Souping up franchising: Zoup!

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BRossBelieving soup to be neglected by most restaurants, Eric Ersher decided to create a food service concept where it was no longer a bit player, but the star.

His first Zoup! restaurant debuted in 1998, and by 2013 the Southfield, Mich.-based entrepreneur had 57 store locations (three company-owned stores and 54 franchisees), more than 700 employees systemwide and $32 million in systemwide annual revenue.

With hundreds of recipes in its repertoire, Zoup! offers a dozen different soup choices each day, served with freshly baked bread. Salads and sandwiches are also available, but soup is clearly the main attraction.

The company moved into second stage around 2009 — a milestone that brought greater financial freedom. “Today we’re able to hire talent and specialists we weren’t able to before,” Ersher says. “We also can make greater investments in nurturing our culture, which we’re very protective of.”

Indeed, culture is the secret ingredient in Zoup!’s recipe for success — setting it apart from other players in the fast-casual foodservice arena. Just as soup evokes feelings of comfort, warmth and well-being, Zoup! blends these intangible qualities into its corporate culture. For example, the company follows 14 guiding principles, known as “Zoupisms,” which include:

  •  Be first to say hello.
  • Find ways to say yes.
  • Everything matters.
  • The customer is always the customer.

“The customer isn’t always right,” says Ersher. “But it’s not about being right or wrong. The customer is the customer and deserves to be treated with respect and provided with a great experience.”

To preserve its culture, Zoup! is highly selective about bringing on new franchisees. The company has six members on its leadership team, and each has a veto vote, Ersher explains: “If any one of them thinks a franchise candidate is not a great culture fit, that’s it — it just takes one veto vote.”

Yet once a franchisee has been accepted, Zoup! bends over backward to support it. “Helping other people become successful business owners is top-of-the-mind for us,” Ersher says.

As a second-stager, Zoup! has been able to offer franchisees more resources. The company has beefed up training and in-store support, improved its technology platform and increased communications with front-line employees. For example, it hosts an annual franchise reunion, encouraging employees throughout the system to attend.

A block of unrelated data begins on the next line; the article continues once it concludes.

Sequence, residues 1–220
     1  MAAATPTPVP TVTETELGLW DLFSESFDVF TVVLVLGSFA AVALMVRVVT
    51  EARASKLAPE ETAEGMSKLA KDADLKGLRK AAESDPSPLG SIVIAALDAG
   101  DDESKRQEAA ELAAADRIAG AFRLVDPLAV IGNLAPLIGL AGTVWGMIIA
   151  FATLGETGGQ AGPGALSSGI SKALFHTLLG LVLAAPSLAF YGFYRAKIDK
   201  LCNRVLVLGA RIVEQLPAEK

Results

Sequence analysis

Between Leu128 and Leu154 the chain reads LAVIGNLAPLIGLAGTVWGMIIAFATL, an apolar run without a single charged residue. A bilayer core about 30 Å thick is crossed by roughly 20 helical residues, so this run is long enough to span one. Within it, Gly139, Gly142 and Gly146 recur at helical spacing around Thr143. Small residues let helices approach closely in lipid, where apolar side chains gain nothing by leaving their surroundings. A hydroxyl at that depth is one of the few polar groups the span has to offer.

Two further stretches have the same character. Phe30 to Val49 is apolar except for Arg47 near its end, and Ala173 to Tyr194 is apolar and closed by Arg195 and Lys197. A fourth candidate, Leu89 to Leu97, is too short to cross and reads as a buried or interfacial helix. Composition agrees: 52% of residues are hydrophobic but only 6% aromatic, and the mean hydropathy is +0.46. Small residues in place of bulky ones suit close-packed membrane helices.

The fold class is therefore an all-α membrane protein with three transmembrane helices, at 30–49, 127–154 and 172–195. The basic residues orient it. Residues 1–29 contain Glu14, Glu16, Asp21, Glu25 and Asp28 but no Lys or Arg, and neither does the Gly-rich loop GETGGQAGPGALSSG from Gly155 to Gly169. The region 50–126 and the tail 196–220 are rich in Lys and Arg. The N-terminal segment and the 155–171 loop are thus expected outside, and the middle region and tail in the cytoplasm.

To fuel future growth, Zoup! introduced its first retail product in 2013 — Good, Really Good Broth — which is sold in grocery stores. On the restaurant front, Ersher looks to add between 20 and 30 franchisees a year. “Yet this is not about chasing dollars,” he stresses. “We believe that numbers don’t lead, they follow.

“We may do some things that aren’t directly profitable, but if it helps our franchisees and the brand, then it pays off in the long run,” he explains. “I’m really proud we’ve created something that not only provides customers with high-quality food and a high-quality experience — but enables other people to become business owners.”

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Second-Stage Rockstars

Because second-stage entrepreneurs are so focused on their businesses, their contributions often go unnoticed by the media, policymakers, economic developers and community stakeholders. With that in mind, celebrating growth entrepreneurs and communicating their value is part of the foundation’s entrepreneurship mission, which it carries out in a variety of ways.

Among these is Second-Stage Rockstars, a series of online articles that examines the ongoing impact of second-stage companies. These stories chronicle not only second-stagers’ economic growth, but also how they may be transforming their industry, creating empowering workplaces or excelling as corporate citizens. Below are some recent Rockstars; others can be found in our archives.